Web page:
Monica Garcia Lopez. She was tiny, could not have been more than twelve years old, and was clothed in the traditional Mayan dress. As she approached the stage and took the microphone I could sense anxiety in her movements as her mother, who was seated in the crowd gently nodded in encouragement.
Monica looked at the ground and stumbled over the first words of her obviously rehearsed speech. We were attending a huge town meeting and debate for the mayoral candidates of the municipality of Rabinal, Guatemala. This particular debate focused on the right to education for the youth of Rabinal and Guatemala. is a particular problem in Guatemala since many families, especially in rural areas, cannot afford to send their children to school, or need them to work in the home. Due to the machismo present here, it is most often girls that get left out of the opportunity to receive an education.
As Monica continued to speak, she raised her eyes to face the crowd and her confidence clearly swelled. She was speaking to her peers, adults, and most importantly the mayoral candidates that would be in charge of funds for schooling for girls like her. Her voice rose from barely above a shaky whisper to a full blown shout as she claimed her space and made her demands.
“We are here!” she shouted. “The youth of Rabinal are here, and we demand the right to an education! We demand the right to a childhood, the right to play and learn!” She then looked straight into the eyes of the candidates and said “and YOU are responsible! You are responsible for providing us with a childhood, and an education, and we are here to make sure you do!”
Goosebumps began to appear on my arms, and tears swelled in my eyes, as I saw a tiny girl, in rural Guatemala, fight for her rights and assert herself in front of powerful men that were 30, 40 even 50 years her senior. The youth of Rabinal are truly engaged and committed to participating in the democratic processes of their government, and I have been extremely impressed.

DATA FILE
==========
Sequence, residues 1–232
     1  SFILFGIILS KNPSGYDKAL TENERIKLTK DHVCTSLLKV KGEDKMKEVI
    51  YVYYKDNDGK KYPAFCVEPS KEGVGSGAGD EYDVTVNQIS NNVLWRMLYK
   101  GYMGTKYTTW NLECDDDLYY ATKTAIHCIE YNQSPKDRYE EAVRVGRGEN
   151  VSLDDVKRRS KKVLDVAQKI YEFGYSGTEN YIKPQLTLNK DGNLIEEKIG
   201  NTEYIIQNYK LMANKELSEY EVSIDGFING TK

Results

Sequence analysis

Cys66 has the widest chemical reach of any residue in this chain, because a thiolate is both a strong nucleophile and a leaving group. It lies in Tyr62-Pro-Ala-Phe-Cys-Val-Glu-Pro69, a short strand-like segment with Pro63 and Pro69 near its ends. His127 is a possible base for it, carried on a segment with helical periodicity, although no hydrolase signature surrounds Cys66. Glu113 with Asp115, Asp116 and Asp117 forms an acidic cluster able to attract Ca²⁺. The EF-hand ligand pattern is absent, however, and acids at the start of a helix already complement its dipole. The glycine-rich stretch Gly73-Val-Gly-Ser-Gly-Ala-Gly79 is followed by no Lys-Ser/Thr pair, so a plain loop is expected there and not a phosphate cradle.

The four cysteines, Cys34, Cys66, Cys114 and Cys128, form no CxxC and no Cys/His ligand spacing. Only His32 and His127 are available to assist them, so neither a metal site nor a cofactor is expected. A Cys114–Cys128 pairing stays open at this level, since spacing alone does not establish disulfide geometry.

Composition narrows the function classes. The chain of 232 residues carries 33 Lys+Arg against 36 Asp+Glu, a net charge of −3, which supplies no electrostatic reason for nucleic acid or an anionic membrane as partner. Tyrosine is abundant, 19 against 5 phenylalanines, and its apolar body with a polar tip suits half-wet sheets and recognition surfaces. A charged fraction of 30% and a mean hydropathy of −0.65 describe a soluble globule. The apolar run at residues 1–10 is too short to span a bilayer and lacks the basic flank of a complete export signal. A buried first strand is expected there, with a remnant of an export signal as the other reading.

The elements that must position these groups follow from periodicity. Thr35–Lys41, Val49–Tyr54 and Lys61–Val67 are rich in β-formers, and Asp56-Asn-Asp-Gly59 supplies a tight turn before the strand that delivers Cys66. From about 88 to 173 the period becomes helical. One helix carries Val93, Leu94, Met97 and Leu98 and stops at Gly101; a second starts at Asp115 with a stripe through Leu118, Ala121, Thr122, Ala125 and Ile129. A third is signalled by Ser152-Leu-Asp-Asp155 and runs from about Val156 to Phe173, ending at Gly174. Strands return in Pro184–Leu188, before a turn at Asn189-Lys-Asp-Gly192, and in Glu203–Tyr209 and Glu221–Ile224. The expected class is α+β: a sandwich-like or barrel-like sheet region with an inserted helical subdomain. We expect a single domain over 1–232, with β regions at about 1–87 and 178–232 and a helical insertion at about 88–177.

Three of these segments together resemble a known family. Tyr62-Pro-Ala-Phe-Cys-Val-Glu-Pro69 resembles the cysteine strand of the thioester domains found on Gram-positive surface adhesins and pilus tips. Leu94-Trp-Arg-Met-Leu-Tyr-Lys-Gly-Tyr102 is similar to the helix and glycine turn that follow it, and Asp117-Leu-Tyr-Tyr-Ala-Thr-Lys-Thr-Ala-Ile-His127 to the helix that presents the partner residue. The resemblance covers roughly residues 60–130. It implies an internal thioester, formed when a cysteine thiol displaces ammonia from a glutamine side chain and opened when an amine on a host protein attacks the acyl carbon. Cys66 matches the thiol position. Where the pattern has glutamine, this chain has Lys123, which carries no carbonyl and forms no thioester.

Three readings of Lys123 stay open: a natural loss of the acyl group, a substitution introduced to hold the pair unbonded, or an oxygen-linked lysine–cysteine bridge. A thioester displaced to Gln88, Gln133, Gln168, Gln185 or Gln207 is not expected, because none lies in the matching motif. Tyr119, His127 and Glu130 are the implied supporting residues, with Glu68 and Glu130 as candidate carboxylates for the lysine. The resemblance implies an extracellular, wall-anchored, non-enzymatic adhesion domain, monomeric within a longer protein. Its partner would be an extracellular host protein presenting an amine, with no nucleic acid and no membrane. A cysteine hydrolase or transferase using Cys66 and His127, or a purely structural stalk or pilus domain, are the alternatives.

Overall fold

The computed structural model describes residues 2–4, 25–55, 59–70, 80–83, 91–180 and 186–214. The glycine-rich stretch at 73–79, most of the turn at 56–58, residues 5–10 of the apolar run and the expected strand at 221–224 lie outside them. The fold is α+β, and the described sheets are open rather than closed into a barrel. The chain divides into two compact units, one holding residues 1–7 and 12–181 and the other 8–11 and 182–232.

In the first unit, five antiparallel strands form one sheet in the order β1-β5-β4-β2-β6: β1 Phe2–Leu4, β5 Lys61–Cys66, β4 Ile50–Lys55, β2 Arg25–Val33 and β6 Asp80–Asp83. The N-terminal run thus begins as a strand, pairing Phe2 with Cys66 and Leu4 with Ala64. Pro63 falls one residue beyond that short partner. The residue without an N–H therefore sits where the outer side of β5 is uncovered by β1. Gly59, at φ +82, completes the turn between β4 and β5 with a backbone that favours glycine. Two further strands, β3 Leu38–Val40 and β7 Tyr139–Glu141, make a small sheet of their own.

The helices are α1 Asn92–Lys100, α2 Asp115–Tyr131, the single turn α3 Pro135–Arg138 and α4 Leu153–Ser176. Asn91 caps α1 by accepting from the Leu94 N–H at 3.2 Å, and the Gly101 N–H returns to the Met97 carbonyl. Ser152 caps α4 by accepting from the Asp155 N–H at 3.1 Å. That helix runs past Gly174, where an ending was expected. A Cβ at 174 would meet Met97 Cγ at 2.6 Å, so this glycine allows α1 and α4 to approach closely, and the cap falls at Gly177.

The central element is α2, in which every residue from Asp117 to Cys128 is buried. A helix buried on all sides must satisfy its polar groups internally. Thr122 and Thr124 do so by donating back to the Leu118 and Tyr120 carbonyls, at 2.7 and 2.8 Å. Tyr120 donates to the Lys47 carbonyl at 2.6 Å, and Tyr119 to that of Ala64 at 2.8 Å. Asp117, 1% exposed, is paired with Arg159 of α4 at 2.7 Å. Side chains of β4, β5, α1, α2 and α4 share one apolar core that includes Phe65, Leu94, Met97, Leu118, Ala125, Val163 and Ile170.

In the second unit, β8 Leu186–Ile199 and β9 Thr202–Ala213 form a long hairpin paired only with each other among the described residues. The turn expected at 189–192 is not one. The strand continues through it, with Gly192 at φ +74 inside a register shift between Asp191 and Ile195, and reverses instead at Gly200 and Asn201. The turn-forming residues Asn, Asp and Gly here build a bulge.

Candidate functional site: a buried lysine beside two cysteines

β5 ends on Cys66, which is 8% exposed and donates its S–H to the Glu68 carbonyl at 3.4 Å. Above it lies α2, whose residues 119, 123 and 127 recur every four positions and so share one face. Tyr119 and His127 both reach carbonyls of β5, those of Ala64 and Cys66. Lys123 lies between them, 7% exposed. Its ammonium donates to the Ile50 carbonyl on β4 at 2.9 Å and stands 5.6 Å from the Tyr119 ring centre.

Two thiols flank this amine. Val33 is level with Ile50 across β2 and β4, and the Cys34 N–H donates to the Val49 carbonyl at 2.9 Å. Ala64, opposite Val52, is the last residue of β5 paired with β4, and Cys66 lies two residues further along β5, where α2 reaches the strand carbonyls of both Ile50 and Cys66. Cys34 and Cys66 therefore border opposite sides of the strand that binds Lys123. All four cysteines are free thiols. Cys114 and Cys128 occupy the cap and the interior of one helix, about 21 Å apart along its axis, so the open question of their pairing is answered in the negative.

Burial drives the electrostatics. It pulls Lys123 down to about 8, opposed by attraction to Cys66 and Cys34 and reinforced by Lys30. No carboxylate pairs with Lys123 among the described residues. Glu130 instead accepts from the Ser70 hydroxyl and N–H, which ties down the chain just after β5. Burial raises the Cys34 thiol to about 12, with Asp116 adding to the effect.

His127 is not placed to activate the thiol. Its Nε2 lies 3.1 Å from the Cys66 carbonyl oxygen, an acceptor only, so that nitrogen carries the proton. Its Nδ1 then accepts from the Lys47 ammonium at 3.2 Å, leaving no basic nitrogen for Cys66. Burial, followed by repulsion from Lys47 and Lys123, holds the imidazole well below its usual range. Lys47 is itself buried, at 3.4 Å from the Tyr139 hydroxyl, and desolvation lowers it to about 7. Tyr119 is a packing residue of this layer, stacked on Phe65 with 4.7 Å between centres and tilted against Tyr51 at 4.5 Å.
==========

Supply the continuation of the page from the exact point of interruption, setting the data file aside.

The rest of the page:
At the same time that I have been impressed, I have also felt ashamed. Where are the youth of the United States? Amongst the star-studded “Vote or Die” campaigns and the flashy public service announcements that blanket the American media, why is there not more participation in our country?
The first step to making a difference and making change is simply being there and being aware. While I may have been a little more involved than most young people, I am certainly not above reproach. All of this simply makes me wonder, if we were all like Monica Garcia Lopez, present and shouting our requests, demanding accountability, what would the United States, and in effect the world, look like?
What changes could we make? What peace and social justice could we demand? I only dare to hope that my generation will be able to look up from our cell phones, ipods, computer and and television screens long enough to realize what is happening around us and take advantage of our privileged positions not just for personal gain and enjoyment, but to truly make a difference in the world.
Posted By Abby Weil
Posted Jun 14th, 2007